People with good posture are often healthier, more confident and more comfortable than people with poor posture. Fixing posture begins with an awareness of what good posture feels like and having proper ergonomic equipment. People can exercise to develop better posture or engage in strength training to improve muscles in core areas that are responsible for good posture. In extreme cases, medical or chiropractic intervention may be key to fixing posture.
Proper posture feels good. People with good posture breathe more comfortably, and they experience more energy and less pain in the back and neck. Proper posture also is slimming and can make one appear taller. This has the added benefit of improving confidence. Posture checks throughout the day can help people adjust poor posture, but fixing posture takes time and training.
When standing, the hips should be directly over the feet and the shoulders should be directly over the hips. This pose is comfortable and well balanced. When sitting, the back should be straight with the head over the hips, the feet flat on the floor and the knees should be at about the same level as the hips. A comfortable high-backed chair can help improve posture.
The right tools can be very helpful in fixing posture. Shoes, for instance, should fit well and be supportive. The hips, back, and neck can be thrown out of line when compensating for discomfort in the feet, ankles and knees. A firm yet comfortable mattress can also help posture, and it is best to sleep on the back or side with appropriate lumbar support.
Many people spend a good portion of their days sitting at desks or working on computers. Even people with good standing postures can suffer when sitting for long periods of time. Good office chairs allow users to sit up straight with their feet planted on the floor. The desk should be at such a height that writing or typing does not cause a strain on the arms or shoulders. A computer screen also should be positioned so the user can look straight at it without tilting the head.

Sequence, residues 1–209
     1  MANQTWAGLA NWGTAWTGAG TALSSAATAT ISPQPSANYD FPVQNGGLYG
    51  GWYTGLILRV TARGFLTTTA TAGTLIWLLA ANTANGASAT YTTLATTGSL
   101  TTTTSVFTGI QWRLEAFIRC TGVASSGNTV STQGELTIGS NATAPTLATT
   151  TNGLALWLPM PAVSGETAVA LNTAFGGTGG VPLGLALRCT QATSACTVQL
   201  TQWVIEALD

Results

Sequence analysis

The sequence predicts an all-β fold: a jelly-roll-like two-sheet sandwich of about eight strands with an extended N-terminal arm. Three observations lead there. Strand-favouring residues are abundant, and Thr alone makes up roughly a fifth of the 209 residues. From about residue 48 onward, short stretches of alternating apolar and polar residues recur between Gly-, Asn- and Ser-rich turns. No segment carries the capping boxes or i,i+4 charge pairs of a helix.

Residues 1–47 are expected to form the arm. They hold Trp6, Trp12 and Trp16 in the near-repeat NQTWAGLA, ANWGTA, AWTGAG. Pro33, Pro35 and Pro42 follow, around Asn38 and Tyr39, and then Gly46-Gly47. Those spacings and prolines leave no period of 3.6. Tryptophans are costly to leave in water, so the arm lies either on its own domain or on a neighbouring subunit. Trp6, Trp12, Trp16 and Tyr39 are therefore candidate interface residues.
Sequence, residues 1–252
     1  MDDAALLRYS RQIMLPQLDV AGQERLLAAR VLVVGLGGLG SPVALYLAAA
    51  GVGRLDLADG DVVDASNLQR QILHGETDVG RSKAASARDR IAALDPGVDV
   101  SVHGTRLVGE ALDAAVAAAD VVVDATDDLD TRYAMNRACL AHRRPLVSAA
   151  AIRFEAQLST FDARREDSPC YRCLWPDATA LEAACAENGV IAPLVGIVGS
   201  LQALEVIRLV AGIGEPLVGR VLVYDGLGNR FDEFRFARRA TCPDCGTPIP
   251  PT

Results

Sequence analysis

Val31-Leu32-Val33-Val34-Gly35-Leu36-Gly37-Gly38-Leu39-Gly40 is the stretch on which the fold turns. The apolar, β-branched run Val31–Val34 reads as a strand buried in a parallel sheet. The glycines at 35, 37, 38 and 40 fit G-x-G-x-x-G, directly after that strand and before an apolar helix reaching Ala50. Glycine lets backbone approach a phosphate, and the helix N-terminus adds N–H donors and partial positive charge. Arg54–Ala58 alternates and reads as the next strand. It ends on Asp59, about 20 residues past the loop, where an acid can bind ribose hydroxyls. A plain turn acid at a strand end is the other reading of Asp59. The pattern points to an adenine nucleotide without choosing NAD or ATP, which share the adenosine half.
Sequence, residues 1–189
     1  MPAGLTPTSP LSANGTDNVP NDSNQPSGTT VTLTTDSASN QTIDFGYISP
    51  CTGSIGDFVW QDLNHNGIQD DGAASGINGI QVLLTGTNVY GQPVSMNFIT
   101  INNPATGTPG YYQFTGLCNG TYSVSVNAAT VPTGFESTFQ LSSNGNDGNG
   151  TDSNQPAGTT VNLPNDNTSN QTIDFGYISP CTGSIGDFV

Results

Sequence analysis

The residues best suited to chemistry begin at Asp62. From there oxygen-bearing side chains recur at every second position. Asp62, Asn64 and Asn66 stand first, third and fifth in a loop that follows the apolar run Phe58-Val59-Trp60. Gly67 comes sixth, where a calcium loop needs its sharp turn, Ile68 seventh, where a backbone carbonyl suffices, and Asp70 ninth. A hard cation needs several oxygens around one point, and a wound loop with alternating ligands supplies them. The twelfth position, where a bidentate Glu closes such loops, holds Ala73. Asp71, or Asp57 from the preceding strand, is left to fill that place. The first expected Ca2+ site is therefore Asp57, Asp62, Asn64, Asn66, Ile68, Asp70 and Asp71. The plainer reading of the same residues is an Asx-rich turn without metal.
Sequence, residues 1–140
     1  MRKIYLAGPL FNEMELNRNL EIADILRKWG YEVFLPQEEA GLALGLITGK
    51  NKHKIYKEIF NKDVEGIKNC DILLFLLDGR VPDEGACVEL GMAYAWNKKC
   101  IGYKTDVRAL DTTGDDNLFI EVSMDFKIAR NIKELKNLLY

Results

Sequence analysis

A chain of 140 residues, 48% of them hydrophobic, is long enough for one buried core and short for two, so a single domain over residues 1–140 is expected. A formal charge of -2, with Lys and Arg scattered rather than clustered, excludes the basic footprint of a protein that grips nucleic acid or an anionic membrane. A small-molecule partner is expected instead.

Some exercises help with balance and can be used as tools for fixing posture. Yoga, for example, helps to train muscles by holding poses for sustained periods. Likewise, Tai Chi requires a posture that lifts the head, curves the back, and lowers the shoulders to align the body. This posture can be transferred to every day activities once it has been mastered. Pilates is also an excellent exercise technique for fixing posture. This type of exercise strengthens core muscles in the body that help to maintain proper alignment.
Training the core muscle groups is another technique for fixing posture. It can be difficult to sit or stand up straight with weak back or abdominal muscles. Simple core exercises such as crunches, push-ups or squats require no special equipment. Free weights and weight machines can also be used when fixing posture. Poor posture during exercise can add to back problems, so most fitness centers offer training services to teach patrons how to execute exercises correctly.
Fixing posture may require professional intervention for some people. People should bring back and neck pain to the attention of their doctors. Anti-inflammatory medications or back braces may be prescribed to help promote good posture. A chiropractor also can help to realign the back, hips, and neck if proper posture is painful. A serious injury or genetic abnormality that affects posture may require surgery.